DSR technique picking up among paddy growers
The hot and dry weather conditions may be forcing farmers to have second thoughts before commencing paddy transplantation through the traditional puddling technique on the officially notified date of June 10, those opting for the water-saving DSR (direct seeding rice) technique have already begun sowing their crop.punjab Updated: Jun 09, 2014 22:12 IST
The hot and dry weather conditions may be forcing farmers to have second thoughts before commencing paddy transplantation through the traditional puddling technique on the officially notified date of June 10, those opting for the water-saving DSR (direct seeding rice) technique have already begun sowing their crop.
These growers, though few in number, began sowing on June one and till date around 1,200 acres of paddy have been sown in Amritsar district through the DSR method. The district agriculture department is expected to bring around 15,000 hectares (37,500 acres) under the DSR technique out of the total 86,000 hectares under paddy cultivation this year.
"The area under DSR cultivation is small but this is just a beginning and perhaps in the coming years this technique will become popular. It does not only check groundwater exploitation but it tremendously cuts down the input costs that go into sowing through the puddling process", said chief agriculture officer (CAO) Paramjit Singh Sandhu while talking to Hindustan Times at Khairabad village near here on Monday.
Balbir Singh, a farmer of the village was busy sowing the HRK-47 paddy variety through the DSR technique, which involves sowing the crop in a dry field with the help of a seed drill. The farmer, riding his tractor, had just one labourer to assist him, which was quite in contrast to half-a-dozen farm hands he had hired last year in the same field for transplanting the paddy through the puddling method.
The seed drill had been provided by the agriculture department free of cost. An official of the department was at hand to guide the farmer, who took 45 minutes to sow an acre. In contrast, transplanting an acre, which is done manually, takes almost two hours, depending on the number of hands at work.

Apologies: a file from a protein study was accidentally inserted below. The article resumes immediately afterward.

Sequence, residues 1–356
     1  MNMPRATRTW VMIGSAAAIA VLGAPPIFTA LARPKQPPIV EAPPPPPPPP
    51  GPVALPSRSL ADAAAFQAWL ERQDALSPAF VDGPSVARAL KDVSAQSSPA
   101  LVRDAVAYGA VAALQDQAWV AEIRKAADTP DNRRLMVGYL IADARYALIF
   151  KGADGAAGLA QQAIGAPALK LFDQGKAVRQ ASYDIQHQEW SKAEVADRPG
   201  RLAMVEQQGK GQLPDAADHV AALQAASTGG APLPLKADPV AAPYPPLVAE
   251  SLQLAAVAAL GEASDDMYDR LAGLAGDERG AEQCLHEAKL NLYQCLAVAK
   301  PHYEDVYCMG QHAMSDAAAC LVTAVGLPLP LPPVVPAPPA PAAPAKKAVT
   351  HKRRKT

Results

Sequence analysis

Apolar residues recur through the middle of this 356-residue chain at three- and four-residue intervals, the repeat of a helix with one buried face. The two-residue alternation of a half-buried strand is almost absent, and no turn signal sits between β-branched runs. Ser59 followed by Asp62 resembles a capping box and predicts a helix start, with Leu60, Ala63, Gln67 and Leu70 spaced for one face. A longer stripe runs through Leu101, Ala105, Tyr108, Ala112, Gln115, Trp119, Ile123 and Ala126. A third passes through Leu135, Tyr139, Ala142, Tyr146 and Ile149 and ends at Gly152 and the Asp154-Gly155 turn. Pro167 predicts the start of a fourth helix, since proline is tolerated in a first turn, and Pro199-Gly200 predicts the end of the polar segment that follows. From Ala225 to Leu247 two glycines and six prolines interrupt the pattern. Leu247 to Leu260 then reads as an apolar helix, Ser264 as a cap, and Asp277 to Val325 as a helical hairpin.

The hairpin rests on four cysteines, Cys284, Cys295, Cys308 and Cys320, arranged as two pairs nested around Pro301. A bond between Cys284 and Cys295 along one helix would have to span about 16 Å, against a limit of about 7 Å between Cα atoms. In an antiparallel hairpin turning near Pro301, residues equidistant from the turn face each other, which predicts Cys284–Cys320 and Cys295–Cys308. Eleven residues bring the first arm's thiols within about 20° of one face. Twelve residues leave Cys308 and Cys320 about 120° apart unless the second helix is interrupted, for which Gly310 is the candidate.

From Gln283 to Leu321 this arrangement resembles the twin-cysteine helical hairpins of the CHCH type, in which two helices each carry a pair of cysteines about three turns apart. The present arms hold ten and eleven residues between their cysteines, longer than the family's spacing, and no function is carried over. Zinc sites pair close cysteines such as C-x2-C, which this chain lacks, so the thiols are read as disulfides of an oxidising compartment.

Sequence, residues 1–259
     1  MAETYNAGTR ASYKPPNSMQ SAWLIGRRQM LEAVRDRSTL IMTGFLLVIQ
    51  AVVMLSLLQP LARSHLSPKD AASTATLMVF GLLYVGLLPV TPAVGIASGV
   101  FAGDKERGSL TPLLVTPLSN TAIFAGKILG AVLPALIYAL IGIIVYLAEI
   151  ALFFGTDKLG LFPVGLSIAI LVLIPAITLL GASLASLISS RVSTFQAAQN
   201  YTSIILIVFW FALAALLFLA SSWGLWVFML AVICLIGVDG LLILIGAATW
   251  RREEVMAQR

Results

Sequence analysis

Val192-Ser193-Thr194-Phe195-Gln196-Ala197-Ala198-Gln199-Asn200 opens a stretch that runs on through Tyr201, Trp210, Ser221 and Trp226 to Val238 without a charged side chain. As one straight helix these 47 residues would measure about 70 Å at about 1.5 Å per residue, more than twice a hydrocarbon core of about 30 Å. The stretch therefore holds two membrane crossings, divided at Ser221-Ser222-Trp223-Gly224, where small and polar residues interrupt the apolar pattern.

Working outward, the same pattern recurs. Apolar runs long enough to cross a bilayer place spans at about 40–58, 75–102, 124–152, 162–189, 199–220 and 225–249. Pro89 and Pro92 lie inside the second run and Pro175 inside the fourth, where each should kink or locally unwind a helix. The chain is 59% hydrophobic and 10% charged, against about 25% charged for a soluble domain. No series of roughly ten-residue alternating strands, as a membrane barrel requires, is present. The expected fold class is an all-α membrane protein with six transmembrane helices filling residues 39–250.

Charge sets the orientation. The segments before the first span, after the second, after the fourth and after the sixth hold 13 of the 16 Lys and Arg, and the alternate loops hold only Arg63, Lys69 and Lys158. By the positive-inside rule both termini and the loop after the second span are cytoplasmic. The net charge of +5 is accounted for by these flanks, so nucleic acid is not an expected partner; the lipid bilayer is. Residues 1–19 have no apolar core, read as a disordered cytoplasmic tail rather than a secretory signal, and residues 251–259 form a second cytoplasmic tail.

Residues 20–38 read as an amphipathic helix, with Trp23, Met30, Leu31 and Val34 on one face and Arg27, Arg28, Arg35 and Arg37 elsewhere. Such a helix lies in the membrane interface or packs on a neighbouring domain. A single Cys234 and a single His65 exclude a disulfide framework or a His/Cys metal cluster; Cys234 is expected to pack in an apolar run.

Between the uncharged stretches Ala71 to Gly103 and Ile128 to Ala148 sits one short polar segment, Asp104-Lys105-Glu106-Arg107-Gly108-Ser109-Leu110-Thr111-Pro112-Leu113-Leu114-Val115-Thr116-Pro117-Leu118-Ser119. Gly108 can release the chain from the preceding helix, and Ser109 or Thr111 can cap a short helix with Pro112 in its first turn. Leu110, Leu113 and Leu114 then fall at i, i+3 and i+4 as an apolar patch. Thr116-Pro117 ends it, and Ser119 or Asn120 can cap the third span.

"The rate for transplanting an acre in our village is `2,500 this year. But I am not spending anything on labour as the person assisting me is my regular employee. So this is one major saving", stated Balbir Singh while adding that he will be sowing paddy over an area of 5 acres through DSR technique.
Balbir Singh had sown the PUSA-1121 basmati variety through this new method in 2012. The yield he got was 16 quintals per acre. The CAO explained that through puddling method, the yield of this variety touches 18 quintals per acre.
"I was satisfied with the yield as my input costs were exceptionally low. I did not spend on labour, the expenditure on diesel was less and I did not have to operate my generator whenever there was power failure during transplanting. But above all, I saved precious groundwater and the health of my soil", the farmer said and added that the wear-and-tear of the tractor is also more in the traditional method.
Sandhu pointed out that puddling an acre at the time of transplanting consumes 20 to 25 cm water. In DSR technique, light irrigation is carried out after the sowing and it does not involve filling the field to the brim, he added.
He pointed out that in order to popularize this technique, they had demanded 15 seed drills for giving it to farmers free of cost, So far, 10 drills have been received and these have been distributed among the interested growers.
Last year, the DSR technique was experimented in 350 acres and in the previous years in around 300 acres.
Paddy will be sown over a total area of 50 acres in Khairabad through the DSR technique. Tarsika village, with 100 acres already sown, has taken the lead in promoting this water-saving method.